The pace was dead. There was a whole lot more walking and much less barking by the Washington Redskins on a rare Tuesday practice.
And then the offense moved inside the red zone. Suddenly, cornerback Bashaud Breeland stepped inside receiver Brian Quick for an interception to electrify the defense. After weeks of being picked on by the team’s passing game, they were ready for revenge now that regular-season workouts mean less hitting and more strategy.
It was hit-and-miss. Tight end Jordan Reed snared a dart over Breeland that caused both players to high-five in mutual respect of a great play. But safety D.J. Swearinger batted a ball to the ground with the swagger of “Not today.”
If the Redskins are to be successful this season beginning Sunday against the Philadelphia Eagles, the red zone passing game must excel. And yet, the secondary is not giving participation trophies. Every time they thwart quarterback Kirk Cousins, it’s a win-win by teaching the passer what he can’t try while defenders gain live-fire experience.
The secondary quartet of Josh Norman, Deshazor Everett, Breeland and Swearinger looked ready. They talk a lot, but have spent the preseason getting closer. And when safety Su’a Cravens left Sunday after telling everyone he was retiring, the Redskins just looked to Everett as next man up as he was throughout the preseason while Cravens was hurt.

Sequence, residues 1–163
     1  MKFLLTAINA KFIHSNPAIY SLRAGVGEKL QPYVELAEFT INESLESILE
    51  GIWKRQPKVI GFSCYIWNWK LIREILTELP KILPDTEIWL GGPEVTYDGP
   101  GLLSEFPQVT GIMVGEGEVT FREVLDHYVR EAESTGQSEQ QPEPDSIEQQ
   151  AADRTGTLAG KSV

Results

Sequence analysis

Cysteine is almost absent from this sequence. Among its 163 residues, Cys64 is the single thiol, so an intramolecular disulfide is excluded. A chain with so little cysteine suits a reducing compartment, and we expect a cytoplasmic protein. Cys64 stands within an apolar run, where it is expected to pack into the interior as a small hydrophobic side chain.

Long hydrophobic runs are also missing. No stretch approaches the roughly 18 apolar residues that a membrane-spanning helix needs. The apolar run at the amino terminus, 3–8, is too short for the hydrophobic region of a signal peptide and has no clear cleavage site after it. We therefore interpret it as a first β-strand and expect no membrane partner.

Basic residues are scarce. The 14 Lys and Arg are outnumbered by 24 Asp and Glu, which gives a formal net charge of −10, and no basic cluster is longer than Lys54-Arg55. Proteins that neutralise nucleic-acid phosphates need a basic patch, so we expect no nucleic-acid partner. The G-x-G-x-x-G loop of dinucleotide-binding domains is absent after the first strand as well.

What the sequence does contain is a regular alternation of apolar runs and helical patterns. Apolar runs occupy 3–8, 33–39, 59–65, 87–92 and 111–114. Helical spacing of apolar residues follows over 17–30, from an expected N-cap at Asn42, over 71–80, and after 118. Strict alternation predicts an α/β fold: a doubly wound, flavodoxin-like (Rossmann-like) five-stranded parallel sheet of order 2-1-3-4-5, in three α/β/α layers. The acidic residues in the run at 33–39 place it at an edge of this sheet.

The intensity will grow Wednesday and Thursday as the Redskins ready for the Eagles. But, it mostly comes on passing plays when reputations are made. The red zones on both ends are where the Redskins will live or die this season.
Just don’t ask the secondary for any feel-good moments—unless it’s theirs.
Rick Snider has covered Washington sports since 1978. Follow him on Twitter @Snide_Remarks.